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Our geography curriculum meets the requirements set out in the National Curriculum (2014) and reflects the context of our school. The Nether Edge geography curriculum builds the essential geographical knowledge and skills children will need now and in their future. Through a carefully sequenced progression of learning, children’s geographical knowledge is built on and remembered over time. At the start of each lesson, our retrieval strategy, Remember More, is used to embed learning, revisit key concepts and knowledge and respond to any misconceptions.

Geography is taught in two of the four cycles across the academic year. The content and knowledge taught is mapped out to show progression between each cycle and then each year group as children move through the school. The key learning is identified for each cycle, developed into a coherent sequence of questions that focus each lesson on what children should be able to understand and answer confidently by the end of the cycle. In cycles 2 and 4, geography is the main curriculum driver. In KS2, Reading Anthologies have been carefully planned to match the content for each year group. Anthologies provide a source of geographical knowledge that allow for links between geography, reading and writing to be optimised. Anthologies also include clearly labelled maps that link to the focus of study so that they can be used as a learning resource in geography lessons.

The progression of geographical knowledge and skills results over time in children who are geographers with the ability to think critically, problem solve and understand how they can have a positive impact on the world. We ensure that careful attention is paid to regularly revisiting knowledge, key concepts and vocabulary so that the learning is embedded, consolidated and progress is maximised.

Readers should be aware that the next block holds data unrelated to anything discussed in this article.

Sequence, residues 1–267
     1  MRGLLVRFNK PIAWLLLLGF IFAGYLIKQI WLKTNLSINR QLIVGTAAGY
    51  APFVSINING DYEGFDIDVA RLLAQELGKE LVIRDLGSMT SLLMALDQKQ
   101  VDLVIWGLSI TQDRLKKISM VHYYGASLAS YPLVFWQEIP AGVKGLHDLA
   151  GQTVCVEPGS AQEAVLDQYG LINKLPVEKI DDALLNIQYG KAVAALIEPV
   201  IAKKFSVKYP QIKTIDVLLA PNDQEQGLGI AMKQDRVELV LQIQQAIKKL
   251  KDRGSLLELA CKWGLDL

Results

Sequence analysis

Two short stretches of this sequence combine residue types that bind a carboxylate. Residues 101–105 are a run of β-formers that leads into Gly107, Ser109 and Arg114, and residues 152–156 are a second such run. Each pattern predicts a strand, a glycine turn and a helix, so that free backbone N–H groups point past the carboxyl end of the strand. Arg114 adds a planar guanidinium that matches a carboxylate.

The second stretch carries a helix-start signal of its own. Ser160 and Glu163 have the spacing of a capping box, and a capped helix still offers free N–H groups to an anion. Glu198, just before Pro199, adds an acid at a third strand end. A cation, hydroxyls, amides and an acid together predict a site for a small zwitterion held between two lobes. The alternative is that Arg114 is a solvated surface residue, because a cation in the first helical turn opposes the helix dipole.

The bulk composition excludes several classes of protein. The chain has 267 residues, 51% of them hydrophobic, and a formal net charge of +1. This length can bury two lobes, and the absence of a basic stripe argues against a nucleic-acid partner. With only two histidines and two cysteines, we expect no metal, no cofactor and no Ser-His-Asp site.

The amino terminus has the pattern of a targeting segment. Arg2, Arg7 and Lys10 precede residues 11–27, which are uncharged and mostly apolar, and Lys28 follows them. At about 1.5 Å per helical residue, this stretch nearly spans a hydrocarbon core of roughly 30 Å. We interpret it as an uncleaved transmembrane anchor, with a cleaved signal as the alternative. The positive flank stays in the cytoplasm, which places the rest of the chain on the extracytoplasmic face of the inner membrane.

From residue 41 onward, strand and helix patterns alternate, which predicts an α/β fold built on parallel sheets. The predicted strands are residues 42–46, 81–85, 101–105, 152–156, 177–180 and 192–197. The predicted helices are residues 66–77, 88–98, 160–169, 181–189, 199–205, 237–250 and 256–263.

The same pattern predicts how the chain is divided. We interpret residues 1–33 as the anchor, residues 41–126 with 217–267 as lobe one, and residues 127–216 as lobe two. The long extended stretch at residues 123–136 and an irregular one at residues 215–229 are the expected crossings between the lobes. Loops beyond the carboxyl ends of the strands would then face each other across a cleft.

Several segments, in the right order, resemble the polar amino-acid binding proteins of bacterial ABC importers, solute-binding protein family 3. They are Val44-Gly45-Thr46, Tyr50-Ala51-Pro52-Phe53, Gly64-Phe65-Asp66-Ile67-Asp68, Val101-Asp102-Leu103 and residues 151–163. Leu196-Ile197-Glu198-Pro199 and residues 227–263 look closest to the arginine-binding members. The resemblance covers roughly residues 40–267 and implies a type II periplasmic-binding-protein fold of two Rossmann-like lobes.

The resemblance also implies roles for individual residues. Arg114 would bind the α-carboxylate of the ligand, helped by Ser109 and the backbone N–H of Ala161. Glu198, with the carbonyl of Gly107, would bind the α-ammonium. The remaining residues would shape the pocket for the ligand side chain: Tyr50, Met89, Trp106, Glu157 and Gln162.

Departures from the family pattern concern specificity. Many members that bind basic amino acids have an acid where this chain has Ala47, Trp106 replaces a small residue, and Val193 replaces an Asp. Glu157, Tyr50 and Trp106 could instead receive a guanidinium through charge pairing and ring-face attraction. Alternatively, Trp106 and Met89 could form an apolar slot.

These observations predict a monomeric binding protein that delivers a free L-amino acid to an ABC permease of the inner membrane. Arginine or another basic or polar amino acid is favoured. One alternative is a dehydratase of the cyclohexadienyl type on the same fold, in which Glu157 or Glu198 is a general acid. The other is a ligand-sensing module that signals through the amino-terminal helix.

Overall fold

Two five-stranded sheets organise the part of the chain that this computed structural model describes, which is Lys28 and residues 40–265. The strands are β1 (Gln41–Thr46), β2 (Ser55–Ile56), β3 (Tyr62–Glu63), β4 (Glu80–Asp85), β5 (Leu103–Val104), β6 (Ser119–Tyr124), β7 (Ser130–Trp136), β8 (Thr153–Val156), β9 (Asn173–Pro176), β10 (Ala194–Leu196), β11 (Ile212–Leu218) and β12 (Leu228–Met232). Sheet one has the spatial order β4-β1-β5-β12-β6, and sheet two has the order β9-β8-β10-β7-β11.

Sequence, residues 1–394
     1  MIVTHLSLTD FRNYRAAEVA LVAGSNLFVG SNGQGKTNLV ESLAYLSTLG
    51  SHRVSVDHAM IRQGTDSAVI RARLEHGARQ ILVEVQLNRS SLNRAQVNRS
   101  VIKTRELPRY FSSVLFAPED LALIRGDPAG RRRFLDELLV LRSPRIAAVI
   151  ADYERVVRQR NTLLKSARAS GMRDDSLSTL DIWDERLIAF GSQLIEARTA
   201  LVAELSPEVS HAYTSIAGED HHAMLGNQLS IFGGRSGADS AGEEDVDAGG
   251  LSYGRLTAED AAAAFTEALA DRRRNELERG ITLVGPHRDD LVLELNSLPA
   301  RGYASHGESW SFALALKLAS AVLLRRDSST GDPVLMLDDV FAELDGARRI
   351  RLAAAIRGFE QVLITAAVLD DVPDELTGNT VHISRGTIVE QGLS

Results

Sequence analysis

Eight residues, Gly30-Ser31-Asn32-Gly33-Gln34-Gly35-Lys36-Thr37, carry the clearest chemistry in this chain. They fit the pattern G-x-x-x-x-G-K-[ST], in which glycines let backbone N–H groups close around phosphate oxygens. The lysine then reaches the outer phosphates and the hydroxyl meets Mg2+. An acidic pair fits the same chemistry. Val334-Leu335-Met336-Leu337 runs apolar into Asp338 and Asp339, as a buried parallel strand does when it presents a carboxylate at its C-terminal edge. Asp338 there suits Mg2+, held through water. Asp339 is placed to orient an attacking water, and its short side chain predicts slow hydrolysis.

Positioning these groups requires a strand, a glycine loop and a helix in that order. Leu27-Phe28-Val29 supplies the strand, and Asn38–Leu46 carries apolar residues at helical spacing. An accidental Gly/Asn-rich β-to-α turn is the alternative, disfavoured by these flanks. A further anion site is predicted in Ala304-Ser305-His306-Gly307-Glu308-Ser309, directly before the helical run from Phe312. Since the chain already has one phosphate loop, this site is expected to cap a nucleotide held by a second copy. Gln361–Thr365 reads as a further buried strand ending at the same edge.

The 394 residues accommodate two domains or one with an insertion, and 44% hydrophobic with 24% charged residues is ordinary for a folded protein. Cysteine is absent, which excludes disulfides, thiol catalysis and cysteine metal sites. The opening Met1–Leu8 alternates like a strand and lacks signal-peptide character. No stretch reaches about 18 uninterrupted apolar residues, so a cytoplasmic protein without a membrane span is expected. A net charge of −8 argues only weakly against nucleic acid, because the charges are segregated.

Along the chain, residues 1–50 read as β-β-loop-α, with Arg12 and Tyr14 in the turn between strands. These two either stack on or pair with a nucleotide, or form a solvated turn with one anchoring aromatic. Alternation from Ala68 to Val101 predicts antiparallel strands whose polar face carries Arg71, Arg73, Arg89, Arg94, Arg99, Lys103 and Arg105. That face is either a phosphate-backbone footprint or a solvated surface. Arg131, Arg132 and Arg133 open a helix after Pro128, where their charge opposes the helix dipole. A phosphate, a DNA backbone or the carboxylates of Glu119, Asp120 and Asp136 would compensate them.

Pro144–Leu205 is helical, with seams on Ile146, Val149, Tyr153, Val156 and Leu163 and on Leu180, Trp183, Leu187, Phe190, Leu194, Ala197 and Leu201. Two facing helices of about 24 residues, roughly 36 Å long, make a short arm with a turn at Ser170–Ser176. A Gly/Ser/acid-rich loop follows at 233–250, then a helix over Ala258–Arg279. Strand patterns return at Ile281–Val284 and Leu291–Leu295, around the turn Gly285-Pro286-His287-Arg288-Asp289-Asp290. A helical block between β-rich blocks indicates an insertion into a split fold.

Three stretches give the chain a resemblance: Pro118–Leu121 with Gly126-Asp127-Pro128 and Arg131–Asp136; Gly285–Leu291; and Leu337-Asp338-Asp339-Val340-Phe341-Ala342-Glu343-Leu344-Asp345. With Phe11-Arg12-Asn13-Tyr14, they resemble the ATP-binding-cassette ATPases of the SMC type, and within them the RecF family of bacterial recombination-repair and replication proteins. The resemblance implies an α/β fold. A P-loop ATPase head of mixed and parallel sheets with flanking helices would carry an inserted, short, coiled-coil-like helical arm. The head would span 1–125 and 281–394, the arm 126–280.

We know that children need to understand the world around them, their location, city, country and continent. Therefore, in Key Stage 1, children develop a strong understanding of the UK and the physical and human features associated with it. This expands to the wider world in Key Stage 2. In addition to key knowledge, geographical skills are planned and taught, for example, map reading. This means that children can make detailed comparisons, understand and use geographical sources and consider a range of impacts on our natural world.

We want:

  • Reading supporting geographical understanding;
  • Children who can articulate well through speaking;
  • Children who aspire to understand and care about the world they live in;
  • Geography curriculum teaching to alter children’s long term memory.